Since I have become interested in modern Paganism and Heathenry, I have been fascinated by the issue of the relationship between deities of different pantheons. Generally, when this topic comes up, I find most people I have spoken to online adhere to a view that all deities from all cultures are distinct individuals. My purpose in writing this post is NOT to dispute that such an idea is a reasonable or practical way to be a modern Western polytheist. However, I would like to offer a brief argument asserting that the conflation of deities from different cultures is not an inherently philosophically or morally problematic approach.
I believe the rather poor reputation of cross-cultural deity conflation derives from the way in which it has often been done rather than the idea being problematic in and of itself. I view this issues as similar to some of the criticisms of “eclectic” polytheism – it can be hard to do well, it can be easy to do poorly, but is not an inherently inappropriate approach.
Two very valid criticisms of deity conflation are related to imperialism and what I will term simplistic conflation. Imperialism, in the way I am using it here, refers to the tendency to see one culture’s deities as subservient to another culture’s. As an example, some Greek and Roman polytheists would identify deities from outside of their cultural regions as “really” being Zeus, Mars etc. with of course the Greek or Roman understanding of the deity being the more accurate and true version. I think the problems with this approach are fairly clear – it is inherently dismissive of other cultures and speaks more to feelings of superiority and group identification than it does to any real attempt at a theological reconciliation between pantheons.
Secondly, there are numerous examples of simplistic conflation. Often this takes the form of “Deity X is associated with Y, so deity Z, who is also associated with Y is clearly the same being.” The problem with this is that it simplifies deities to a single or small number of characteristics and presumes such characteristics define the deity. For example, while I don’t it is inherently ridiculous to think that, for example, Zeus and Thor are the same deity, I think it would be a form of hubris to assert that this is an obviously true fact and/or that those who do not agree with such a conflation are clearly misguided.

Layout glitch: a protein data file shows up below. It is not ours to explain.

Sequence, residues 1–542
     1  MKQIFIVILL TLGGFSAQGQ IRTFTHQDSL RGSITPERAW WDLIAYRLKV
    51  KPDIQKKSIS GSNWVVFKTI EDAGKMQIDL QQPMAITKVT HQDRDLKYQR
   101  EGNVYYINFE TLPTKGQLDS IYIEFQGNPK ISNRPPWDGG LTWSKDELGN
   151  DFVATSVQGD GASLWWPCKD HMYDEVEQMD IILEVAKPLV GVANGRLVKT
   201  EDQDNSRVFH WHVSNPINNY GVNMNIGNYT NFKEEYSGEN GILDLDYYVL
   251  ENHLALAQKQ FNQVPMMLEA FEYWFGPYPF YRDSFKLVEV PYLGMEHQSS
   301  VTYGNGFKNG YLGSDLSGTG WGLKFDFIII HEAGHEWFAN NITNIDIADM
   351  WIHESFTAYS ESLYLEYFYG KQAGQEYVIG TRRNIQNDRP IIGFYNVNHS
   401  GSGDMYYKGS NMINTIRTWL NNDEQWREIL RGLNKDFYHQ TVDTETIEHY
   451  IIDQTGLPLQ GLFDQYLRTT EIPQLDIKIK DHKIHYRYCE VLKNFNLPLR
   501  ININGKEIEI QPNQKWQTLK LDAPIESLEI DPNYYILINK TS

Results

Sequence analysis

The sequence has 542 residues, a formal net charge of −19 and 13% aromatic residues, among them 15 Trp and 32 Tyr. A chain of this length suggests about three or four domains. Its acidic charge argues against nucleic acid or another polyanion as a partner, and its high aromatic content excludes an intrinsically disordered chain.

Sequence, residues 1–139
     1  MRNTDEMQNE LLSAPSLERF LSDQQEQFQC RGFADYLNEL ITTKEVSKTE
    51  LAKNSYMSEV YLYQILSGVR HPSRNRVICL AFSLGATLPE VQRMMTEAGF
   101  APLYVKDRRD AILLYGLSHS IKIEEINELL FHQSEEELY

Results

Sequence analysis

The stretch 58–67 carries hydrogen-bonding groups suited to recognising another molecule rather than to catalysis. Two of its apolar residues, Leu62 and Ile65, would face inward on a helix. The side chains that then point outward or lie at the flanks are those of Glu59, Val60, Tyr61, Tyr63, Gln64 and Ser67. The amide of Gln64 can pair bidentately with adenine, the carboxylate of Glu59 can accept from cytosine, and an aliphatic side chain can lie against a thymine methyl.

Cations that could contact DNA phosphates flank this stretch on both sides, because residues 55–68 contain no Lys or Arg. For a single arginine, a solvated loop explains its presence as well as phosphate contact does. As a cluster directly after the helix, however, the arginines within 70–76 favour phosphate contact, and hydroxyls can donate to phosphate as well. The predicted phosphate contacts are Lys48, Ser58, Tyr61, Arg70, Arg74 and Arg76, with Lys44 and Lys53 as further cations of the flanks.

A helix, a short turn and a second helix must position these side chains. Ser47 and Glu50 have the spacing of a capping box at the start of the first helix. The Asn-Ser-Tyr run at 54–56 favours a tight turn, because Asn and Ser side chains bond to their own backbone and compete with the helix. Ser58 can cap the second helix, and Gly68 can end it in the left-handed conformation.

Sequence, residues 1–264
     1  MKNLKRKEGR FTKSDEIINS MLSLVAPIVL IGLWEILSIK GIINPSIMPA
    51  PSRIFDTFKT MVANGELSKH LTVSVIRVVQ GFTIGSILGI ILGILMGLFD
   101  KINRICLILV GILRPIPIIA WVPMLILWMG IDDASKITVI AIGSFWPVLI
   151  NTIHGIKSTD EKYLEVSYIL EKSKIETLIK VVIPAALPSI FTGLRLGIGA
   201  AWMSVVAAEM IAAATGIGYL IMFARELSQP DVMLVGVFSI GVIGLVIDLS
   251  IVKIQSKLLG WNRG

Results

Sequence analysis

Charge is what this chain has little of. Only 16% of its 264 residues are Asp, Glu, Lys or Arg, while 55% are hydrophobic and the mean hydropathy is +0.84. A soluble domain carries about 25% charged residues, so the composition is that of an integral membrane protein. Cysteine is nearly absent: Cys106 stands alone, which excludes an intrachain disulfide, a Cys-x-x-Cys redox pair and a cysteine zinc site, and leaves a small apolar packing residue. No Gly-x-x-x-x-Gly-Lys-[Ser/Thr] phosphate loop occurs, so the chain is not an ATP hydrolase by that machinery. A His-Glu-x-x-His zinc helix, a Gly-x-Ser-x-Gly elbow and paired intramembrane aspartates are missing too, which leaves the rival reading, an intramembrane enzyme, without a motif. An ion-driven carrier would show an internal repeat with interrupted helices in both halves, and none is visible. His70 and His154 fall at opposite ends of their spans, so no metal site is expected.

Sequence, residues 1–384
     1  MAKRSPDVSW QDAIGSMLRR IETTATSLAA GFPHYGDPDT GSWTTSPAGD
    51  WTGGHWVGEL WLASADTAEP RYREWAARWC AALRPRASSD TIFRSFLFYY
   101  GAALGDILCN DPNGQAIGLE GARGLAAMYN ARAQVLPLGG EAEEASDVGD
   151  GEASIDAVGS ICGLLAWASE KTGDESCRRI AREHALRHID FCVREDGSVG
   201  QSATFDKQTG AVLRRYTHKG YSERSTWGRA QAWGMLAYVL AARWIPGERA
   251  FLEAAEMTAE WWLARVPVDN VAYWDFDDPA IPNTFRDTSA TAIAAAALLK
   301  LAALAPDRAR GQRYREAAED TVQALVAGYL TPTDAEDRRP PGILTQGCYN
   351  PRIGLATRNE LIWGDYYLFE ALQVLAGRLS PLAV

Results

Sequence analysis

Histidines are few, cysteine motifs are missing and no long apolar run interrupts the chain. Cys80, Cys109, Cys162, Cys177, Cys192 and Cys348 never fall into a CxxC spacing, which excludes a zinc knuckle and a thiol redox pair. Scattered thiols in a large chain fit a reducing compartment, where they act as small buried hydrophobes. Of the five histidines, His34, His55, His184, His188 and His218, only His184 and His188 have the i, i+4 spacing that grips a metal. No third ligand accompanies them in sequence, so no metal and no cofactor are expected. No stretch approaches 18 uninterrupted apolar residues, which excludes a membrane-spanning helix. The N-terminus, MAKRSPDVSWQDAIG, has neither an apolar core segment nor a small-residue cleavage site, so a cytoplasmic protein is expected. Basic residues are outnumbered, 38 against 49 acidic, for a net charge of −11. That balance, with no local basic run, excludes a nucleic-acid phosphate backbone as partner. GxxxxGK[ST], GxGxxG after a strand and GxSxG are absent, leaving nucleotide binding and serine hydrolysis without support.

I am writing this post because the idea that there are deities who are known in different ways in many cultures is intuitively satisfying to me. However, I believe that in order to do so in a way that is not disrespectful one must abandon the idea that the “true” nature of the deities can be known. I am not going to be able to sit down with a list of pantheons and discern what the “real” 12 or 36 or whatever number of Gods there “really” are. Since this idea presumes that deities can have vastly different roles and relationships in different cultures, it makes it practically impossible for humans to use those roles to determine if two or more deities are, in fact, a singular being. Accepting that deity’s identities are inherently unknowable also, I think, guards to some extent against the Imperialism and simplistic conflation I mentioned earlier.
If one accepts that some deities may be known in a variety of forms in different cultures and also that the nature of such relationships are ultimately unknowable, the practical effects in one’s personal practice may be quite small. Whether I think Odin is distinct from every other mentioned deity or if he has counterparts in other cultures, my relational activities will focus on his stories, iconography, etc. rather than those of any deities I suspect may be related to him. However, for me, I find it satisfying to think that the deities I worship may also have engaged in relationships with people of other cultures, and what is personally more important for me, is that this view feels right in an intuitive way.
I would like to restate that the idea all named deities are separate beings is not something I am opposed to or wish to criticize. I have just found that with time and experience, my intuition about the nature of Deities has been moving in another direction, and I wished to articulate a defense of this idea – to assert that it is not an inherently idiotic or morally problematic viewpoint.